The future of work: optimising hybrid for 2023
These soundproof meeting pods are installed across DBS office floors to enable hybrid work. Photo: DBS
As hybrid work becomes the norm, explore strategies for building an effective hybrid workforce and fostering a supportive hybrid workplace environment
According to the Straits Times, a hybrid work environment is now a major consideration for job applicants in Singapore. An increasing number of workers see hybrid work – a blend of remote working and office work – as a key component of their work-life choices. Progressive employers have also been quick to spot the benefits, which can range from reduced office space requirements, to improved talent retention and a more motivated workforce. However, some companies may need to review existing protocols, to better implement and optimise a hybrid workforce.
What is a hybrid work model?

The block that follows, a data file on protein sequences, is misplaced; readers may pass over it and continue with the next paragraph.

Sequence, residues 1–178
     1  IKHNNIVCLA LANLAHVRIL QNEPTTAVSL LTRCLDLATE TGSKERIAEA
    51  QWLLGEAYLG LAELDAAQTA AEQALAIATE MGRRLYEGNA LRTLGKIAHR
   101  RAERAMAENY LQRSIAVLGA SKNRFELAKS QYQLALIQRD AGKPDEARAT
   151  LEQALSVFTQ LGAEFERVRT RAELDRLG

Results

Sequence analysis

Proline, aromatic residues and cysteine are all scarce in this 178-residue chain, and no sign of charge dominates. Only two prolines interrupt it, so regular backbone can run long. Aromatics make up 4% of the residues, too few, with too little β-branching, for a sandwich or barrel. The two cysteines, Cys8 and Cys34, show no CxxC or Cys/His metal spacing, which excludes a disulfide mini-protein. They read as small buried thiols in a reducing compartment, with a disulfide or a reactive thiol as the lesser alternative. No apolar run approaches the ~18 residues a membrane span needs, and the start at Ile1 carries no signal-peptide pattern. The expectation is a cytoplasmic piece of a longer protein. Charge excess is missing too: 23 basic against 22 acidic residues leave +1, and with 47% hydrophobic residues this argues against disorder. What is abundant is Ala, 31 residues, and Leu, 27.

In general terms, a hybrid work force is one that blends remote work, with traditional in-office work. Since the Covid-19 pandemic, hybrid work models have become the norm for many employers in Singapore. As far back as 2020, for example, Singapore’s banking industry had already made flexible work arrangements a permanent fixture for employees.
A common example would be a hybrid workplace where employees come into the office two or three times a week, but the spend the other work days working from home (or another remote location). This is colloquially referred to as a scheduled hybrid work model.
DBS has permanently adopted a 60-40 hybrid working arrangement, in which employees are given the flexibility to work remotely for up to 40 per cent of the time. Other flexible work arrangements the bank offers include up to 100% work from home for six months for employees with a newborn or newly adopted child, and a job sharing programme where one full time role is performed by two employees.
Other variants of hybrid work models exist as well. In sales departments, for instance, salespersons may work in or out of the office as they require, without any fixed schedule. Some companies choose to apply this to their entire workforce.